Q Factor. The Lemond has a narrower Q Factor that keeps your legs more aligned reducing stress on the joints that some people find when they ride the Keiser M3. It can feel particularly uncomfortable if you ride an outdoor bike with some people describing like having a barrel between your legs. It can cause injuries in some people(See more on Q Factor here).

Adjustability. The Lemond Revmaster has fully adjustable seat and handlebars which makes getting the fit just right for efficient workouts and getting set up like a road bike. The Keiser M3 does have more of an issue than most spin bikes that don’t have horizontal moving handlebars because the vertical adjustment is at 45 degrees – this takes handlebars further away from you as you increase the height and vice versa. This problem was resolved with the Keiser M3 Plus (not available – now  see M3i)

Console. The Keiser M3 has a basic console that has been certified accurate within 10% plus or minus. It displays data on watts, calories, distance, speed, resistance level and heart rate (if you supply a compatible heart rate strap).

Maintenance. With the magnetic resistance and belt drive the Keiser M3 is a very low maintenance bike as they don’t need adjusting. With LeMond you need to do this with the resistance pads.


The Keiser M3 can be more than the Lemond Revmaster Sport at time of checking. So what does that get you.

You get a basic console, magnetic resistance, dual pedals which are all premium features that explain the increase in price. The dual pedals for the LeMond can be bought for  extra, a console for a spin bike, even and magnetic resistance (although there isn’t something to directly compare – I looked at the difference for the Bodycraft SPT & SPT-Mag) to check differentials.

But there are some things that need to be considered as they reduce the benefits of Keiser M3.

The lighter flywheel as well as costing less to manufacture also produces a different riding sensation.

The handlebars don’t move backward/forwards which can make it difficult to get it to fit some people, where as the Lemond Revmaster is fully adjustable making it more likely to fit correctly and set up like an outdoor bike.

Both bikes have excellent ratings with the Keiser M3 being the more popular of the 2 bikes. The Keiser M3i which costs an extra  is fully adjustable and makes for a much more efficient and more comfortable fit.

Which Model Should You Buy

There is no doubt the Keiser M3 is a quality bike but there are some provisos. If you want to use it for spinning you need to be prepared for the different feel of the pedaling motion and that you won’t get the aggressive inertia of the flywheel helping with pedal stroke when you stand on the pedals.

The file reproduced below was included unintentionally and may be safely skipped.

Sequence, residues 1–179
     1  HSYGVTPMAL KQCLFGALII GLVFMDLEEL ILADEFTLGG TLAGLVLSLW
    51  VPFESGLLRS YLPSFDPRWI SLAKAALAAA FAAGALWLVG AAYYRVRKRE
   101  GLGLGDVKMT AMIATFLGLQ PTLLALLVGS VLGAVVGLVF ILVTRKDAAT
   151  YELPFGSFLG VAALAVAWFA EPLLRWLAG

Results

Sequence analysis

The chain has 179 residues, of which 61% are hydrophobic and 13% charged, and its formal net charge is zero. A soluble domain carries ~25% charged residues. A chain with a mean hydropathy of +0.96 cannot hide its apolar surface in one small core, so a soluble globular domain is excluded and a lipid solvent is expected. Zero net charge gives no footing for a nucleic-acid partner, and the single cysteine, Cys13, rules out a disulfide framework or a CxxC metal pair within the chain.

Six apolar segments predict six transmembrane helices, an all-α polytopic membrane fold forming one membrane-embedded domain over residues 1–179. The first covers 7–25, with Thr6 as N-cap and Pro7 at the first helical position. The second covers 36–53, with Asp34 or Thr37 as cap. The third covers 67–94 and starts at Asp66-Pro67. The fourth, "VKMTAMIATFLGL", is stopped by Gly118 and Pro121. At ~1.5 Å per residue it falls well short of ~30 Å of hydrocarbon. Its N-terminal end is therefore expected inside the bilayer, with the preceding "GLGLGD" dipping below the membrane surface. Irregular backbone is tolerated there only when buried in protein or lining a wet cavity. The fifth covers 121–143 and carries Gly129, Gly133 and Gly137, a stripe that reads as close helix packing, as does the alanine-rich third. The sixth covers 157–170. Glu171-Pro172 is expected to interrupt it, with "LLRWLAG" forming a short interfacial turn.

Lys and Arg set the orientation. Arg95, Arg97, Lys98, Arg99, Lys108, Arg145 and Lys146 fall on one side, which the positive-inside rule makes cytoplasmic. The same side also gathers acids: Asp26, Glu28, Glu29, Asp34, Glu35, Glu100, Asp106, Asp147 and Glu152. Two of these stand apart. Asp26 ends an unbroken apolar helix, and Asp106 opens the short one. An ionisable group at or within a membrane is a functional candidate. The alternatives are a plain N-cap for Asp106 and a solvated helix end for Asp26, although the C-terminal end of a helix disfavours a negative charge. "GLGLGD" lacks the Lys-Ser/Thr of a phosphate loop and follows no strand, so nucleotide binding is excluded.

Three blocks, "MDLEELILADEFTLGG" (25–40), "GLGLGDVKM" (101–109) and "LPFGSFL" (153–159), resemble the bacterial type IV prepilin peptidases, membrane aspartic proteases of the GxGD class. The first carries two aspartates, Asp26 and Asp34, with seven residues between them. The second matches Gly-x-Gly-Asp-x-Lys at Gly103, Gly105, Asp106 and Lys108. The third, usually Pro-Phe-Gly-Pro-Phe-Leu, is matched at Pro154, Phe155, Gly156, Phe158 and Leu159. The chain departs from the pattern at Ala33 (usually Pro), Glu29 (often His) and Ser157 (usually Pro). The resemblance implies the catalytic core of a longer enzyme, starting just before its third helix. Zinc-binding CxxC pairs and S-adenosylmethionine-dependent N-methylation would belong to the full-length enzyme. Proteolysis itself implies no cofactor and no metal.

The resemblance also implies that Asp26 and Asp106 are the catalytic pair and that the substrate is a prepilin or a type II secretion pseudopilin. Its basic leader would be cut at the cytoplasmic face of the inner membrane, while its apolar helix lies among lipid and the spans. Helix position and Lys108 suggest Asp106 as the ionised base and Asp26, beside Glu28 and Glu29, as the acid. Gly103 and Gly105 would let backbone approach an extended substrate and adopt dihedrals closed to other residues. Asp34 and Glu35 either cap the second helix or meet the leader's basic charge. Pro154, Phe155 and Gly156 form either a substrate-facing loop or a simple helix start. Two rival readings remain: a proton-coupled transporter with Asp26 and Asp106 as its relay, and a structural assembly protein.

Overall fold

Then there is the fit and the Q factor to consider. For some people this bike is going to be uncomfortable and may cause injury due to the stress on the joints because they can’t adjust the bike to fit them and their legs being out of alignment. Having said that many people have no issues with the bike and enjoy their purchase for many years.

The Lemond Revmaster is able to be better set up for people with it being fully adjusted. The narrower Q factor feels more like a bike and your legs are more aligned making it easier on the legs and reducing risk of injury. It doesn’t have a console or SPD pedal as standard.

If you choose the Keiser M3 I’d look at spending the extra for the Keiser M3 plus to be able to better fit the bike to those that are going to use it.

Compare – Side By Side – Features and Dimensions

With this chart you can compare the two bikes side by side with their dimensions, accessories and their features.

FeatureKeiser M3Lemond Revmaster
Flywheel Weight8 lbs41 lbs
Resistance TypeMagneticFriction
PedalsDual Toe cages/SPDToe cages
Bike Weight85 lbs110 lbs
Max User Weight300 lbs300 lbs
Max User Height4 ft 10 ins4 ft 10 ins
Min User Height6 ft 5 ins6 ft 6 ins
Handlebars AdjustabilityHorizontalHorizontal/Vertiical
Seat AdjustabilityHorizontal/VertiicalHorizontal/Vertiical
DimensionsHeight 45 ins
Width 26 ins
Length 49 ins
Height: 46 ins
Width: 23 ins
Length: 42 ins
Drive TypeBeltBely

After looking at all the facts and information did one stand out for you. I hope you’ve now be able to buy your new bike. Please let me know what you think in the comments below. Enjoy your workouts

2 comments for “Keiser M3 vs LeMond RevMaster: A Complete Comparision

  1. Barbara awarski
    May 26, 2017 at 11:10 pm

    I spinn at a gym as I like the class atmosphere and comradity. The gym was a locally owned gym until LA Fitness bought them out four years ago. First three years LA Fitness used BAC equipments and the spinning bikes flywheel weight was around 30 lbs. LA Fitness built new gym and bought spinning bikes similar to the Keizer M3+. Loved the BAC bikes a lot more and their bikes were always in need of adjustment. Will keep on spinning!

    • Paul
      May 27, 2017 at 12:04 pm

      Great to hear you’re enjoying your exercise.